May 29, 2017
The 40 Years of Comics Project - Day 824: Incredible Hulk #183, January 1975
My oldest actual Hulk comic gets us properly rolling through the week. I say "actual" because there's a wonderful subset of Marvel... titles (e.g. Marvel Spectacular) that reprint older comics. I have them arranged and catalogued within the particular titles that they reprint, but some slip through the cracks and I'm pretty sure the Hulk reprint ones have thus far. So we'll start in 1975.
It's a pretty good place to start, really. Len Wein is a fantastic writer. I recently gave a paper (and I'm hoping to post the paper at Sequart) talking about one of his Hulk comics as a way of thinking through the genre of the Gothic, a popular type of fiction that was big from about the end of the 17th century to the end of the 19th. It gets subsumed into Horror in the 20th century, but my reading of a Hulk comic and a Supergirl comic from the 70s seems to show that the Gothic is alive and well, and distinct from the Horror genre, at least in superhero comics. I'm going to look into it a bit more. The long and short of the Hulk section is that Wein is fantastically well-known for co-creating Swamp Thing, one of the most Gothic characters to emerge from comics, so it's interesting to see the same kind of treatment being laid on a character that is as outcast as Swampie, but is still a huge part of the mainstream Marvel U.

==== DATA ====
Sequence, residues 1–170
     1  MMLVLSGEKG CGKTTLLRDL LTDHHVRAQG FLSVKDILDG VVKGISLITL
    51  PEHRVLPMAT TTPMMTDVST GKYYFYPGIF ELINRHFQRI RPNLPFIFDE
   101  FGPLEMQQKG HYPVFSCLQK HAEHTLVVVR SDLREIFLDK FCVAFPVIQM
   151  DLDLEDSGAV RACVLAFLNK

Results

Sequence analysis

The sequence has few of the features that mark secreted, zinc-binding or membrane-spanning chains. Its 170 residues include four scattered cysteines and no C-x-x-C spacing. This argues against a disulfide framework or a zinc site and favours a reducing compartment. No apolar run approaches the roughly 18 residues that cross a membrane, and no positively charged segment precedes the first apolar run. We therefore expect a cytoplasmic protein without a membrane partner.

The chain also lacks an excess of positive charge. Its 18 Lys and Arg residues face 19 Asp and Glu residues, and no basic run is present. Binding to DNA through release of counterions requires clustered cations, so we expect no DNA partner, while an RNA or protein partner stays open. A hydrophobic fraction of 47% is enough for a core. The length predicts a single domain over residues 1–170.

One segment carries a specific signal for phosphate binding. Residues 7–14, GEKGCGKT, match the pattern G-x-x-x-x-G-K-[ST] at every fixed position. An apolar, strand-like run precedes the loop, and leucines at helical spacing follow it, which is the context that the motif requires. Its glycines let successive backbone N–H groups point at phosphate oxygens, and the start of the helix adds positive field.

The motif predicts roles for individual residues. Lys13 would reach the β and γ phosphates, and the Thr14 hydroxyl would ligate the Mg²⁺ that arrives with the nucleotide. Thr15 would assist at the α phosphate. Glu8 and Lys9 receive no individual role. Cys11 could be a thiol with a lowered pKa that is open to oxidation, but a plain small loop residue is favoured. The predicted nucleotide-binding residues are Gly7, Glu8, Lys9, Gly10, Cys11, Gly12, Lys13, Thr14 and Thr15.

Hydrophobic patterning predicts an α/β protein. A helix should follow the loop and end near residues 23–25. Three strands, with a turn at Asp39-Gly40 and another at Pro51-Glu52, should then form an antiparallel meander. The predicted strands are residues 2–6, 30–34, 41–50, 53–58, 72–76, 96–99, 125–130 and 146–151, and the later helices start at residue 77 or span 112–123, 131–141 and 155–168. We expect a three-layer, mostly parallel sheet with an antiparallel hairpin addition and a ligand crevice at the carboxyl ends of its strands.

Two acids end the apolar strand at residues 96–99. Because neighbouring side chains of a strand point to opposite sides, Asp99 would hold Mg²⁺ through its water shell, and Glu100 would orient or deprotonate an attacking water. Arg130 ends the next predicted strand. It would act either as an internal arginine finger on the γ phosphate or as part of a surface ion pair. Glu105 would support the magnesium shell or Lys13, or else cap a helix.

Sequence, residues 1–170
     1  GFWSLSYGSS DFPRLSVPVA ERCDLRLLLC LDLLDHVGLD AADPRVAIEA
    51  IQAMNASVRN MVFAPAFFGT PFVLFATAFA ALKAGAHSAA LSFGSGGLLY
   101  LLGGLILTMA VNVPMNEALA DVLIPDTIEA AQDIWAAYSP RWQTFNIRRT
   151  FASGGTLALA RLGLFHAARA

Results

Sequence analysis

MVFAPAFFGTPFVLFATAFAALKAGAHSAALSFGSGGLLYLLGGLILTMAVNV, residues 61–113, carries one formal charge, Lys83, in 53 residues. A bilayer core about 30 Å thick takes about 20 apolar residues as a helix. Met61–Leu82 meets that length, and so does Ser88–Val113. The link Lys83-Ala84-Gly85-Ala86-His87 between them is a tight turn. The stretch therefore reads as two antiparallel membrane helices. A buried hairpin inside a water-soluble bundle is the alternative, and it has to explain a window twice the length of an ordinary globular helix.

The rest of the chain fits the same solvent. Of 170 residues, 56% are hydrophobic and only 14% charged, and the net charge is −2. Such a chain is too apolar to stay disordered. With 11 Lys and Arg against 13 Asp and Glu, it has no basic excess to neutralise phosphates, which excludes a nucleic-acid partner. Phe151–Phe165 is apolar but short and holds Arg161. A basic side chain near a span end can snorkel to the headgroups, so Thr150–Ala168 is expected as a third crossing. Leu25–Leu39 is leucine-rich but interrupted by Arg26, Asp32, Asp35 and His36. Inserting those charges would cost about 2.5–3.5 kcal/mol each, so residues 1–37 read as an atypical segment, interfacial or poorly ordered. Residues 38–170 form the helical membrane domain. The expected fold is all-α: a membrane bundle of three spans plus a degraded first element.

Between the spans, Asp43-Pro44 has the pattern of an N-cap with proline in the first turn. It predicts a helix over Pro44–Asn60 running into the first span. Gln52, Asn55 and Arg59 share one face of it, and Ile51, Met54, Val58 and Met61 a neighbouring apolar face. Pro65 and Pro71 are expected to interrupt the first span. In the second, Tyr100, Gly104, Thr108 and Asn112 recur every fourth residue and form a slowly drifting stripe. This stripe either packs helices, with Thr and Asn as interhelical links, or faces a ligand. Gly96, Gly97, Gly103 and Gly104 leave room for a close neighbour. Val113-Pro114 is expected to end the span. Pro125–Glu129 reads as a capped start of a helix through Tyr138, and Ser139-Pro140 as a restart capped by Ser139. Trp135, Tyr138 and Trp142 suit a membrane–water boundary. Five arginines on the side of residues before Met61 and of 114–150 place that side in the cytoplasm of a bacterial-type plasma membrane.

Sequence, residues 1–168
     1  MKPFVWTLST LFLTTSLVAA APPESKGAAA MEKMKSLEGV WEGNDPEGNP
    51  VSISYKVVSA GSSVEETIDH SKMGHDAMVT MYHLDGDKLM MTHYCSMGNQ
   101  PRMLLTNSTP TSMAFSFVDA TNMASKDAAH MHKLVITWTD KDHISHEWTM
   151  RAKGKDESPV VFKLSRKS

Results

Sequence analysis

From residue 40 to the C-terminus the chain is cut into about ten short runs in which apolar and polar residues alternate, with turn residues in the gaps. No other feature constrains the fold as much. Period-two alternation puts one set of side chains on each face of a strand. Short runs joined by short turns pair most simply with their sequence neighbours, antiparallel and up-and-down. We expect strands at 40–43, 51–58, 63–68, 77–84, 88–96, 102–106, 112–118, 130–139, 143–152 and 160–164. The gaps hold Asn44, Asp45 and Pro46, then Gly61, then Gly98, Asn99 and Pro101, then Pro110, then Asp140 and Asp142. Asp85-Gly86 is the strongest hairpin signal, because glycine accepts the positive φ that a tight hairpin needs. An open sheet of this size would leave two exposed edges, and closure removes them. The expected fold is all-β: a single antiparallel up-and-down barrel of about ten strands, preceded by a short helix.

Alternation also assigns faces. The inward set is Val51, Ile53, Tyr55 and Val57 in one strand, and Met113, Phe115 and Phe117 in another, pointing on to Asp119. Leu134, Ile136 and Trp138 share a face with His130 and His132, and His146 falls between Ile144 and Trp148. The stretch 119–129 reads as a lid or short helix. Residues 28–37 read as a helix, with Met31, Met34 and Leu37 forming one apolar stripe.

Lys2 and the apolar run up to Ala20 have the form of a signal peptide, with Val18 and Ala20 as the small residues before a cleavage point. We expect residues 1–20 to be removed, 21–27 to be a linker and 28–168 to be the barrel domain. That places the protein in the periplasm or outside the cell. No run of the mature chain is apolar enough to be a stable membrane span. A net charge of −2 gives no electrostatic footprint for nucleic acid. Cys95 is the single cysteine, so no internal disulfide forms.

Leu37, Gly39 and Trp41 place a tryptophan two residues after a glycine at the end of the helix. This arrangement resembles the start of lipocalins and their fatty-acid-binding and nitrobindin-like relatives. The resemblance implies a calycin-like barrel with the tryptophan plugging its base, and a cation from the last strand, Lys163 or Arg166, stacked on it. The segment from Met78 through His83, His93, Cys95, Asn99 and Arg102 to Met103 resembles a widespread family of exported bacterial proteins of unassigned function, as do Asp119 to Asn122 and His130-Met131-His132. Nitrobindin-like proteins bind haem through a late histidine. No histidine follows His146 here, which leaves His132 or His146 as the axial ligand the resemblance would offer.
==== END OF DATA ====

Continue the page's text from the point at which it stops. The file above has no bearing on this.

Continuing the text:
Today's story sees the return of ZZZAX, a living electronic creature that absorbs humans for sustenance. Weird and ridiculous, but once the creature actually kills someone in this issue, the ridiculous fades into the background, and we begin to have some understanding about the importance of having a creature like the Hulk about to deal with these things from beyond. There's something of the Cosmicism of Lovecraft in such an idea. ZZZAX doesn't care much about humans aside from them being food, and Hulk just wants to be away from them. It's only the minute traces of Banner within him that prompt his rescuing of a couple of scientists from the energy creature. I've argued elsewhere that one of the contemporary responses to Lovecraft's cosmicism is creating meaning through emotional relationships, and this comic articulates this very well. The uncaring universe, as represented by ZZZAX, is defeated by human beings and a creature that embodies emotion. The uncaring cosmos is literally defeated by the embodiment of our emotions. Further, Hulk chooses to help the scientists because one of them helped him - rather than rage motivating the Hulk, it's affection, or the rage born of an affection scorned.
I honest did not think I was going to enjoy these Hulk comics as much as I am.
To be continued.